6

OK, so I have a situation in which I call LoadLibrary on a DLL that I wrote. This call to LoadLibrary returns error #998, or ERROR_NOACCESS "Invalid access to memory location."

The DLL in question uses MFC in one configuration, and not in another; only the MFC configuration has this problem. It used to work, but I have no idea what I changed: I'd actually moved on to the non-MFC version and been tinkering quite a lot with that and I have no idea what I could have done that affected the MFC version.

I don't know a lot about DLLs. The original loading code was actually given to me, and I haven't changed it. Below is that code:

// submodule loading
#ifndef MFC
// Project uses standard windows libraries, define an entry point for the DLL to handle loading/unloading
BOOL WINAPI DllMain(HANDLE hDllHandle, DWORD dwReason, LPVOID lpreserved)
{
    _MESSAGE("DllMain called.");
    switch(dwReason)
    {
    case DLL_PROCESS_ATTACH:    // dll loaded
        hModule = (HMODULE)hDllHandle;  // store module handle
        _MESSAGE("Attaching Submodule ..."); 
        break;
    case DLL_PROCESS_DETACH:    // dll unloaded
        _MESSAGE("Detaching Submodule ...");      
        break;
    }   
    return true;
}
#else
// Project uses MFC, we define here an instance of CWinApp to make this a 'well-formed' DLL
class CSubmoduleApp : public CWinApp
{
public:
    virtual BOOL InitInstance()
    {// dll loaded
        hModule = m_hInstance;  // store module handle
        _MESSAGE("Attaching Submodule ...");
        return true;
    }
    virtual int ExitInstance()
    {// dll unloaded
       _MESSAGE("Detaching Submodule ...");      
       return CWinApp::ExitInstance();
    }
} gApp;
#endif

Obviously, MFC is defined in the MFC configuration, and not otherwise.

I doubt this is enough information to solve this problem; I realize that. What I'm actually hoping to learn is where to look for problems that might cause this error. I'll be happy to supply any information you need — once I know it's needed.

Thanks for any tips.

  • Have you tried running it in a debugger? That should pinpoint the error for you quickly. – Carey Gregory Oct 7 '11 at 22:58
  • 1
    You certainly can run this under the debugger. You need to set a break point nice and early in the code and assign a host app. – David Heffernan Oct 7 '11 at 23:23
  • 1
    Have you tried loading your DLL from a test program instead of from the original host program? If you're lucky, it will exhibit the same error, which would make debugging a lot simpler. – Harry Johnston Oct 8 '11 at 1:06
  • 1
    Maybe, but if the error is occurring as soon as the DLL loads, it won't make any difference, will it? – Harry Johnston Oct 9 '11 at 5:14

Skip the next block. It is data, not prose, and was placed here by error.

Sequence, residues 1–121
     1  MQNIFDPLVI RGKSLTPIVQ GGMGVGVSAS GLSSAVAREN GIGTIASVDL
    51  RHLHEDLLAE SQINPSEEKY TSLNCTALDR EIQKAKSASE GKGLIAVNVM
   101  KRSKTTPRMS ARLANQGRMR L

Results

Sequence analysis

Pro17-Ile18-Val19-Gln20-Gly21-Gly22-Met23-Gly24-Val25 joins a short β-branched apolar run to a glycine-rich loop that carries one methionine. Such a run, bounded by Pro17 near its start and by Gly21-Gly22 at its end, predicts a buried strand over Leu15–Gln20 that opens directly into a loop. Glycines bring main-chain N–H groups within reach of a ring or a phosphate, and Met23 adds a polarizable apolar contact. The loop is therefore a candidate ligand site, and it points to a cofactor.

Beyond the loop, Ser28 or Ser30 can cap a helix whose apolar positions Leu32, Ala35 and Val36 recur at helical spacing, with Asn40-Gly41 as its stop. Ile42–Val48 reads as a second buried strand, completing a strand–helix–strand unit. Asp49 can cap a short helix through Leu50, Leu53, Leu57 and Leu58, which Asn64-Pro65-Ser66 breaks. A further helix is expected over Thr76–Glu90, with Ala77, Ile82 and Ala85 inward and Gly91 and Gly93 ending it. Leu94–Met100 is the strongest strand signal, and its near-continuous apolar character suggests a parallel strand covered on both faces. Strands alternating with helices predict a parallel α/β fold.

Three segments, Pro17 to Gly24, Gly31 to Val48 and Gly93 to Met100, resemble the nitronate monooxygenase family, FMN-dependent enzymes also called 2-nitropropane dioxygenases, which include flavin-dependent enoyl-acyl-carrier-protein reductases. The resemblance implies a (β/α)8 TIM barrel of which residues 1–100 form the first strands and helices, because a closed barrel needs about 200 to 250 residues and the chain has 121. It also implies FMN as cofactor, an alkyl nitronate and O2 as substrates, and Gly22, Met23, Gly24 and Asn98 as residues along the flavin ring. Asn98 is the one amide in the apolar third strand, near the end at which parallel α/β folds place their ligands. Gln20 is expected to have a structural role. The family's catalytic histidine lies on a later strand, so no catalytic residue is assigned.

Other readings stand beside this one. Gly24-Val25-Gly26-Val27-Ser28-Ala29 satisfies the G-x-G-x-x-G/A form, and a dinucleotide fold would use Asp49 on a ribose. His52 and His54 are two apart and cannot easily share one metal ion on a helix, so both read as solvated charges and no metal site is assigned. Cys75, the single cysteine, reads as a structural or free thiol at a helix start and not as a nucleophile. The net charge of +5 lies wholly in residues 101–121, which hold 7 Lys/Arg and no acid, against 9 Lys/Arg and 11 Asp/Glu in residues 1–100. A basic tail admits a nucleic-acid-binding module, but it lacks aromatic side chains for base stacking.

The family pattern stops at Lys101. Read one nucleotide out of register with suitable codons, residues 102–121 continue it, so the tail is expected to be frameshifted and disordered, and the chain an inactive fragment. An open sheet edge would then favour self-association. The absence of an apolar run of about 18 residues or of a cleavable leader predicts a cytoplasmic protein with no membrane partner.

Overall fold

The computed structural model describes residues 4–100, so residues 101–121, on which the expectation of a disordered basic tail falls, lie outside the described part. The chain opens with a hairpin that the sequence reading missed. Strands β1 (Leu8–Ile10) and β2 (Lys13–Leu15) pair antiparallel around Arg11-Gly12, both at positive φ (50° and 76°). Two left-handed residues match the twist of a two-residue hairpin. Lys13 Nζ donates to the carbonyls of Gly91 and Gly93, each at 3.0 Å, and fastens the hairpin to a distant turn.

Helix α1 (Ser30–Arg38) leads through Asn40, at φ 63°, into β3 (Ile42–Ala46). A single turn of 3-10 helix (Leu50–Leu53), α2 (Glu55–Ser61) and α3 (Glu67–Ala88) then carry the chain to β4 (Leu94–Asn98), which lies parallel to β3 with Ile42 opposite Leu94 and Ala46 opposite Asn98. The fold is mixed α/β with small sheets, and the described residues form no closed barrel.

• 2
    DllMain (and hence, presumably, InitInstance) is a special case; code that works perfectly well elsewhere might break when called from DllMain. – Harry Johnston Oct 10 '11 at 1:14
14

OK, this question was answered by a friend of mine (no idea if he has a StackOverflow account; not going to pester him with answering it twice).

The deal is that I had a global object, the class of which had a constructor that called a function that depended upon another global object (ironically enough, the function in question was _MESSAGE, but by the time DllMain or InitInstance gets called, that function works fine). C++ doesn't allow you to specify the order in which globals get initialized, so when this global's constructor got run (when the computer attempted to load the DLL), it caused a memory error by attempting to use another global that hadn't been created yet.

So... that's the answer. A really specific case, but I guess if anyone else finds they're getting 998 errors and need to know what sorts of problems to check, this is something to look for: make sure all your globals are independent!

  • 1
    There are standard techniques for enforcing order of static initialization – David Heffernan Oct 11 '11 at 6:24
  • 1
    OK, I did not know that (and I guess my friend didn't either). Point is, I wasn't using them. I'll look into that. – KRyan Oct 11 '11 at 11:59
  • 3
    @DavidHeffernan a reference would be useful. – atoMerz Dec 1 '13 at 10:15
  • 1
    This worked for me. Had a pointer bug in static initializations in the DLL that only got triggered during a manual LoadLibrary() call, not if linking to it directly via the DLL's import library. – metal Jul 11 '14 at 13:38
  • 2
    I wish I'd read this 5 hours ago. – Rotem Jul 3 '15 at 10:05

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